Scores of civilians in northern Syria have been killed and hundreds of others wounded in a toxic gas attack that observers, diplomats and analysts are blaming on forces loyal to President Bashar al-Assad and their Russian allies.
An umbrella organization of Western relief groups early Tuesday put the death toll at the Idlib provincial town of Khan Sheikhoun at 100 with more than 350 others stricken.
Russia has "categorically denied" any role in the attack. Syria's government has repeatedly denied using chemical weapons against civilians throughout the six-year war.
The United Nations Security Council will address the bombings at Khan Sheikhoun in an emergency session Wednesday morning.
Khan Sheikhoun Syria
Far to the south, monitors from the Syrian Observatory for Human Rights said at least 25 others, many of them women and children, were killed Tuesday in airstrikes at several sites east of Damascus.
The gas attack at Kahn Sheikhoun, described by the opposition Syrian National Coalition as a "horrifying massacre," is widely believed to be the worst such violation of international law in war-ravaged Syria since 2013, when a U.N. probe found credible evidence that sarin gas killed hundreds of civilians near Damascus.
In the latest of many declarations of outrage, the global relief agency UNICEF said, "These attacks must do more than provoke our outrage; they must compel action by those with the power and the ability to bring an end to this devastating violence."
Earlier Tuesday, a reporter for the French news agency said one missile at Khan Sheikhoun slammed into a hospital where some of the victims were being treated, bringing down rubble on medics as they struggled to treat victims.
A still image taken from a video posted to a social media website on April 4, 2017, shows a civil defense member helping a child who is being sprayed with water, said to be in the town of Khan Sheikhoun.
The attack, which caught many of the town’s residents sleeping in their beds, came on the eve of a major international meeting in Brussels on the future of Syria hosted by the European Union’s chief foreign affairs official, Federica Mogherini.
At one point Tuesday, government-owned media outlets suggested that a conventional airstrike on rebel targets at Khan Sheikhoun may have hit a rebel chemical weapons factory or stockpile.
The Syrian National Coalition called Tuesday for an emergency session of the United Nations Security Council, blaming the airstrikes on the “regime of the criminal Bashar.” In a statement, it said government warplanes fired missiles carrying poisonous gas.
The coalition urged U.N. officials to "open an immediate investigation" and take the necessary measures to ensure the officials, perpetrators and supporters are held accountable.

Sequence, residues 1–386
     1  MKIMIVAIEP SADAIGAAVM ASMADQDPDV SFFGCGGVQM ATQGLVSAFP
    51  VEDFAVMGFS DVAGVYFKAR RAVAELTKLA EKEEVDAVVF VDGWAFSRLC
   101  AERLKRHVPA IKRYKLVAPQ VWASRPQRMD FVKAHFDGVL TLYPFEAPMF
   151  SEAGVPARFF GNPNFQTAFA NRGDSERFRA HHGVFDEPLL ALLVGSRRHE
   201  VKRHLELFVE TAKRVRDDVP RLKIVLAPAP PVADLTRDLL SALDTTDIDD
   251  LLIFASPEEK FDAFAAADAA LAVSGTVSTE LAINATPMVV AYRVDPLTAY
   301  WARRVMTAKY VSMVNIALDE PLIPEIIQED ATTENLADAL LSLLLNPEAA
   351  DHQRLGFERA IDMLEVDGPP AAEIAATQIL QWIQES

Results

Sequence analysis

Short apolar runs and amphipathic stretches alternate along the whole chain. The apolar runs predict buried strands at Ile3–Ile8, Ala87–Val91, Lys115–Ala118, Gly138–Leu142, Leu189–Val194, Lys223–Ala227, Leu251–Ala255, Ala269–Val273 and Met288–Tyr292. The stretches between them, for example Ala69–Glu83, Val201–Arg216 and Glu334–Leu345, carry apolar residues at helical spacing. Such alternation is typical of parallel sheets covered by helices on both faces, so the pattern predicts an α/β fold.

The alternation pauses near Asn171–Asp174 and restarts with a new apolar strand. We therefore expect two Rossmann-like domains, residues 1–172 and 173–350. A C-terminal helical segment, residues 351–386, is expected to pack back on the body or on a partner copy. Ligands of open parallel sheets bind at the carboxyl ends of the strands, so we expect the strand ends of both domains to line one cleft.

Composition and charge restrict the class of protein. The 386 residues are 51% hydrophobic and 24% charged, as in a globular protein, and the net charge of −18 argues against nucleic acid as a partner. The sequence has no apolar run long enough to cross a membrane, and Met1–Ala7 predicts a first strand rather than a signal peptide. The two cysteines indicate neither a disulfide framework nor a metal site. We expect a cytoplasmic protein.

A still image taken from a video posted to a social media website on April 4, 2017, shows a man lying on the ground and being sprayed with water, said to be in the town of Khan Sheikhoun.
The reported attack on Khan Sheikhoun to the west of Aleppo and south of the city of Idlib, the provincial capital, is the third claimed chemical weapons attack in just over a week in Syria. Another two blamed on the Syrian government were reported in Hama province, not far from Khan Sheikhoun.
The type of chemical agent used Tuesday is not clear, but some opposition websites said highly toxic sarin gas may have been employed. Some medics working on the victims also pointed to sarin as the agent most likely used.
“We have no doubt that this is a sarin attack,” said Dr. Shajul Islam, a British medic working in a clinic, which received three of the victims. He posted a video on Twitter showing the victims with pinpoint pupils, which were unresponsive when light was shone on their eyes.
Syrian opposition member Omer Idlibi told VOA's Kurdish service "all the symptoms from the victims say that its sarin gas.”
FILE - Women, affected by what activists say was a gas attack, receive treatment inside a makeshift hospital in Kfar Zeita village in the central province of Hama, Syria, May 22, 2014.
"The medical situation is very bad, due to the lack of hospitals and because the regime targeted all the field hospitals used for treating victims," he added.
Earlier this year, the New York-based Human Rights Watch accused the Syrian government of mounting eight chlorine gas attacks on insurgent-controlled areas during the final weeks of the battle for Aleppo.
A joint investigation by the United Nations and international chemical weapons experts blamed the Syrian government for at least three chlorine attacks in 2014 and 2015.
Idlib province is one of the last strongholds of anti-Assad rebels and U.N. analysts estimate there are nearly a million displaced Syrians in the province, many from Aleppo.